Leverage and the Limits of Arbitrage Pricing: Implications for Dividend Strips and the Term Structure of Equity Risk Premia
36 Pages Posted: 21 Sep 2011 Last revised: 7 May 2013
Date Written: September 26, 2012
Negligible pricing frictions in underlying asset markets can become greatly magnified when using no-arbitrage arguments to price derivative claims. Amplification occurs when a replicating portfolio contains partially offsetting positions that lever up exposures to primary market frictions, and can cause arbitrarily large biases in synthetic return moments. We show theoretically and empirically how synthetic dividend strips, which shed light on the pricing of risks at different horizons, are impacted by this phenomenon. Dividend strips are claims to dividends paid over future time intervals, and can be replicated by highly levered long-short positions in futures contracts written on the same underlying index, but with different maturities. We show that tiny pricing frictions can help to reproduce a downward-sloping term structure of equity risk premia, excess volatility, return predictability, and a market beta substantially below one, consistent with empirical evidence. Using more robust return measures we find smaller point estimates of the returns to short-term dividend claims, and little support for a statistical or economic difference between the returns to short- versus long-term dividend claims.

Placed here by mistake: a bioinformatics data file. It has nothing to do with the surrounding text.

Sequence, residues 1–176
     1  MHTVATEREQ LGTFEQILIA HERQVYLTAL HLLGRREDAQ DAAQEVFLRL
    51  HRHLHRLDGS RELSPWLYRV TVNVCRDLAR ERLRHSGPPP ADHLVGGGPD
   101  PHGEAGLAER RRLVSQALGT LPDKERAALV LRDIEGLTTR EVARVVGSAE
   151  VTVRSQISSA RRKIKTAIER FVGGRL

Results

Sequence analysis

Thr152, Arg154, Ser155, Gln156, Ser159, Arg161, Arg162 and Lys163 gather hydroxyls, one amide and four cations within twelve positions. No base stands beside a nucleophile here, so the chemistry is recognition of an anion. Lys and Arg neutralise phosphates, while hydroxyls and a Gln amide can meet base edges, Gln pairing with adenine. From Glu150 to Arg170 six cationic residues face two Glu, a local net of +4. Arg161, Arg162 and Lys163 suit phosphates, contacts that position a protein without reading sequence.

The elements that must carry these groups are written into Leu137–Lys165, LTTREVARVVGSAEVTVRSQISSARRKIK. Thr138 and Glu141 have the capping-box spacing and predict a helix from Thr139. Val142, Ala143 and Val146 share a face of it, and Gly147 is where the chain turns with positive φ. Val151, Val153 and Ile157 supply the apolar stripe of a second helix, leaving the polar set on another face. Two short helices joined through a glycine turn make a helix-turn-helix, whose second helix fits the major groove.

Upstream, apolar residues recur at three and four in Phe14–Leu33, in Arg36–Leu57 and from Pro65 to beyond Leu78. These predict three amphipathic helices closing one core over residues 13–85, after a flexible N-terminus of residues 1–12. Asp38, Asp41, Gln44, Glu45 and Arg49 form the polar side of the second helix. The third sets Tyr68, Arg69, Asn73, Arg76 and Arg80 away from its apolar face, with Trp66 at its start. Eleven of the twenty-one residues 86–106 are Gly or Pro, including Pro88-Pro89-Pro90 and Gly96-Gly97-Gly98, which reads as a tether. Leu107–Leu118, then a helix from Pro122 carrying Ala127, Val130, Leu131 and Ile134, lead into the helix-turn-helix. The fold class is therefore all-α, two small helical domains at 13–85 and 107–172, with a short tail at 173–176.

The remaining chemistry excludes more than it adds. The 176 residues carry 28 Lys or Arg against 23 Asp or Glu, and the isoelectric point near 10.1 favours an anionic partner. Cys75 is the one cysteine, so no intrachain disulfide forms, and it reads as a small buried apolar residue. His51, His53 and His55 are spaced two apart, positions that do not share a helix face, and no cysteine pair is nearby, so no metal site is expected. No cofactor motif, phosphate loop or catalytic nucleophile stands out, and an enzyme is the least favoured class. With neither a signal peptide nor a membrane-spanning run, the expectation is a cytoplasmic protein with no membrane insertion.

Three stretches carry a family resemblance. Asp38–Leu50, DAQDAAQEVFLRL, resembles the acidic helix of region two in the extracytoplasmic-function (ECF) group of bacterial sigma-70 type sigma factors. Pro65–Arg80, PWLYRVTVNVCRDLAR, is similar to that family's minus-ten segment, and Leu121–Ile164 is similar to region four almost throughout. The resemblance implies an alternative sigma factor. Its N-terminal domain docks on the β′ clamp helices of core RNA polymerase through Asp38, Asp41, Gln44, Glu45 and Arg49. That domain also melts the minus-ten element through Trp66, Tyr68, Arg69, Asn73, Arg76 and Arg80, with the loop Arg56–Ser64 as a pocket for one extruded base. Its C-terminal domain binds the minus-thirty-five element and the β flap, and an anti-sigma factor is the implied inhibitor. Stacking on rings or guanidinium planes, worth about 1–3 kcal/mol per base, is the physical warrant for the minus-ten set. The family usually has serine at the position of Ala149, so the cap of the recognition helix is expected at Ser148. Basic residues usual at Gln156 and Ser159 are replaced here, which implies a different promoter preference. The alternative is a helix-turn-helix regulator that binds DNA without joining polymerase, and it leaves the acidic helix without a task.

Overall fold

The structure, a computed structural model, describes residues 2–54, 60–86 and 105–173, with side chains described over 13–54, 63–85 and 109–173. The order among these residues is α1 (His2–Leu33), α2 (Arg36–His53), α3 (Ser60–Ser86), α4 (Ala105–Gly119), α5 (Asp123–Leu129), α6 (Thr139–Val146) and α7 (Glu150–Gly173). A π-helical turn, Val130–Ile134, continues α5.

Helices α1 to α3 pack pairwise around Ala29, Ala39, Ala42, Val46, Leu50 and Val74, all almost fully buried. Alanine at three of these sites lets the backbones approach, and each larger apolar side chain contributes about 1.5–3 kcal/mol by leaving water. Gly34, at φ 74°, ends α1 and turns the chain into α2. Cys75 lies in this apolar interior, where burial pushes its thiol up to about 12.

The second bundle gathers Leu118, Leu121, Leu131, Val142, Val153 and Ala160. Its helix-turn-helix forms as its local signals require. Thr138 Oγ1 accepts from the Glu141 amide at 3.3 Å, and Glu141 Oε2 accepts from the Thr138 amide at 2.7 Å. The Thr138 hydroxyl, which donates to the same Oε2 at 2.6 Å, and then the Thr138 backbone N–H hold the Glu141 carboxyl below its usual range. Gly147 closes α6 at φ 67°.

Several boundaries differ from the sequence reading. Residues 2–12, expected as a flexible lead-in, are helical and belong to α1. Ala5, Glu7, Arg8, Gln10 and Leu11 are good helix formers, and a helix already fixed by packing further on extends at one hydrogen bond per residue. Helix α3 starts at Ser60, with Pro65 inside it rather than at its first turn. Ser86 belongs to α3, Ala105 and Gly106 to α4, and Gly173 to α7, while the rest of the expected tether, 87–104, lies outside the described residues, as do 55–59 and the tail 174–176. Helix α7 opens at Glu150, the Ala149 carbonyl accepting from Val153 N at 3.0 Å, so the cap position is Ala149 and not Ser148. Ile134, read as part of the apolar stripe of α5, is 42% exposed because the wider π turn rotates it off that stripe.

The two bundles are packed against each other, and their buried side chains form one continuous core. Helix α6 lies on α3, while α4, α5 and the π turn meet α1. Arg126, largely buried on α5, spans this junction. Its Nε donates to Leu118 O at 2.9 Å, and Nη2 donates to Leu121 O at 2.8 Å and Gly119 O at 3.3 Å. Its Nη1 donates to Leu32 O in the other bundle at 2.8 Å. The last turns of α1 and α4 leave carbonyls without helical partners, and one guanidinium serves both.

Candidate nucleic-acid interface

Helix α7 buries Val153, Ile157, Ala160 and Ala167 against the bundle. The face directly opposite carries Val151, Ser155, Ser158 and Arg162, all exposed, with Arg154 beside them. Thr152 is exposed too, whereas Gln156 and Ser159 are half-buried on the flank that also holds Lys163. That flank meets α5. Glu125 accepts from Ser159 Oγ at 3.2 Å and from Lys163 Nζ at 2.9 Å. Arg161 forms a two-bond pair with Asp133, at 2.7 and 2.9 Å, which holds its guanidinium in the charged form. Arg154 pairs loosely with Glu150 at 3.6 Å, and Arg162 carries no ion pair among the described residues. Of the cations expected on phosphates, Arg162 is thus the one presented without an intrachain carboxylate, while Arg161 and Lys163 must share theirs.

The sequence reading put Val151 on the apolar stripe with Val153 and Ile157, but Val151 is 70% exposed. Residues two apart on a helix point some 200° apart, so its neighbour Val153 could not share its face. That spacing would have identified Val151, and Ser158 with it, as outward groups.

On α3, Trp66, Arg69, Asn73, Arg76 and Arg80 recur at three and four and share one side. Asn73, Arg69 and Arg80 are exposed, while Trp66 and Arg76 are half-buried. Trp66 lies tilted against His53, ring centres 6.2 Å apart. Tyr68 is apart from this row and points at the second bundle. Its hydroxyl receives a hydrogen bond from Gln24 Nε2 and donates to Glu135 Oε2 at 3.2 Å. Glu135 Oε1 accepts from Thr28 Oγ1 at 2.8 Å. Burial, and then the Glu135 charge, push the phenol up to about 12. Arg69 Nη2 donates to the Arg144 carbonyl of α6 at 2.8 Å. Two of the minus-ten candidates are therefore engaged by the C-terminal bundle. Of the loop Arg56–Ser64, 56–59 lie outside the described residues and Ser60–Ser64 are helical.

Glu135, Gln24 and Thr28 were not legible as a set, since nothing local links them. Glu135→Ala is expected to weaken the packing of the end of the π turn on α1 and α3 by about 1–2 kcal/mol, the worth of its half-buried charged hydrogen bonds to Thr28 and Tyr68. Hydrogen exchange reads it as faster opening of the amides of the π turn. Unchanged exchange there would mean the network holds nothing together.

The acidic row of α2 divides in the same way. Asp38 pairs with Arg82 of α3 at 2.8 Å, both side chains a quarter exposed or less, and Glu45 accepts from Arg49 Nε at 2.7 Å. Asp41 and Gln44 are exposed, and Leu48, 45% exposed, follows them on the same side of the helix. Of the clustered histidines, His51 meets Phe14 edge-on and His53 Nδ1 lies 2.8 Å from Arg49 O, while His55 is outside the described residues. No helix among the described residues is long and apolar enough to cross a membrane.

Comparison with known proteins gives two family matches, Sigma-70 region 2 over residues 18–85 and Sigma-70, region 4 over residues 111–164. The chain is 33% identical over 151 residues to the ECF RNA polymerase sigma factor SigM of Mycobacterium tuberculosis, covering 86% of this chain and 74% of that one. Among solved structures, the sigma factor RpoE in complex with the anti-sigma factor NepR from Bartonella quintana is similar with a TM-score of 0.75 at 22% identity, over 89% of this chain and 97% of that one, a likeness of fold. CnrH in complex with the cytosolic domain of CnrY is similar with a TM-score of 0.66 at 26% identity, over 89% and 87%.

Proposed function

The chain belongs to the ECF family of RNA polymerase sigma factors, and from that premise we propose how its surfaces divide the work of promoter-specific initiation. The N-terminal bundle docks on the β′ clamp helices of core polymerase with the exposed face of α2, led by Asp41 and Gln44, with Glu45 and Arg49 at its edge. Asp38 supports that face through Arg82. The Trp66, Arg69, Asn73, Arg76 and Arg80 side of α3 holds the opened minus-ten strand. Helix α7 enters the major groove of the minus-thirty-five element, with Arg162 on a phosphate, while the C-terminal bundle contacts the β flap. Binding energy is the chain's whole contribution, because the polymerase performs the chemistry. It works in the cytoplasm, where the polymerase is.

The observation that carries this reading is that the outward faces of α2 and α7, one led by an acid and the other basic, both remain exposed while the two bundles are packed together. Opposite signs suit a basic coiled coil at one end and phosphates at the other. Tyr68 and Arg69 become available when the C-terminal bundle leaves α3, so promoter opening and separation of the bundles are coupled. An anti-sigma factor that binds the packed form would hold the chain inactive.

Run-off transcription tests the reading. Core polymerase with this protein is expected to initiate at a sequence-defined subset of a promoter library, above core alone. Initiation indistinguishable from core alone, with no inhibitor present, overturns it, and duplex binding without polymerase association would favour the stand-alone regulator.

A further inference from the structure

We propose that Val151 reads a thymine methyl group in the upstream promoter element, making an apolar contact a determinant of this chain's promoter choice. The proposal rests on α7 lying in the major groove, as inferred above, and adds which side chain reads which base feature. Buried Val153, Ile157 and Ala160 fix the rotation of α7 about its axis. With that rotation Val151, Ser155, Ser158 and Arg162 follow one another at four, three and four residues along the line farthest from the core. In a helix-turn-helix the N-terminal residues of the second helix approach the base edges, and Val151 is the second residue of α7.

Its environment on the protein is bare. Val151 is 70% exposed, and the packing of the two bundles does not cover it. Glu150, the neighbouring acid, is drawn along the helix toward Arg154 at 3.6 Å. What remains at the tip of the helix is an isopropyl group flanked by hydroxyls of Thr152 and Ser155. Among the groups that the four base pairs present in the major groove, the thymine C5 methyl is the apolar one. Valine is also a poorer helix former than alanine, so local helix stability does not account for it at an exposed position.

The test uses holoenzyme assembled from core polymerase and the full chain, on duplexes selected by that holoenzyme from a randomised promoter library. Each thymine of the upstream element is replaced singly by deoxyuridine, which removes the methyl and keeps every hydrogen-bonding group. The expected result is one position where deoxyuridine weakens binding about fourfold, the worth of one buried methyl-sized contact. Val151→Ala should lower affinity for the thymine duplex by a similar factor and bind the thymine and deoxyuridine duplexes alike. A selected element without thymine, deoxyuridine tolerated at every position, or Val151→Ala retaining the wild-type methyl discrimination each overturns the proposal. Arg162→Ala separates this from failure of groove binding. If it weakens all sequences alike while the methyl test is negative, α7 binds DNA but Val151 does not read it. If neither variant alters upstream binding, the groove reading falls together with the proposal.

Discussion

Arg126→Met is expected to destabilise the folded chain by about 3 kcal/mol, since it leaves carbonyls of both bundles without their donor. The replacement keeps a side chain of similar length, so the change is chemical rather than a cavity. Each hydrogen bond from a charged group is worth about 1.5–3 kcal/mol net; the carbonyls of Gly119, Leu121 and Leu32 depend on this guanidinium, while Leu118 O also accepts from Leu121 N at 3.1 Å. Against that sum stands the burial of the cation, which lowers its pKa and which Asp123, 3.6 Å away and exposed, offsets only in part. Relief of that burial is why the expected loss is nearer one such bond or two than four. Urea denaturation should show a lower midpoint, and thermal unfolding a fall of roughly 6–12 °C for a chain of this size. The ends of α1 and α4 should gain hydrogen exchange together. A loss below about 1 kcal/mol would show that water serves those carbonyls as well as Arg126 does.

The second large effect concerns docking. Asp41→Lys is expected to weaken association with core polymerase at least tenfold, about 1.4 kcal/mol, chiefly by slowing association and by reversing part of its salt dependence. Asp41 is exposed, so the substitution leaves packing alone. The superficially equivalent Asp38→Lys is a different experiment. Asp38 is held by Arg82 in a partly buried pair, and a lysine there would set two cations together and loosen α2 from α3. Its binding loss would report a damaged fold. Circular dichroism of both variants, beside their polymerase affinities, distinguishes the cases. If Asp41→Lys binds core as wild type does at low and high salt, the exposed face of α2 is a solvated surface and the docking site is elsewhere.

Keywords: equity risk premium, dividend strips, term structure of equity risk premia, limits to arbitrage, microstructure frictions
JEL Classification: G12
Suggested Citation: Suggested Citation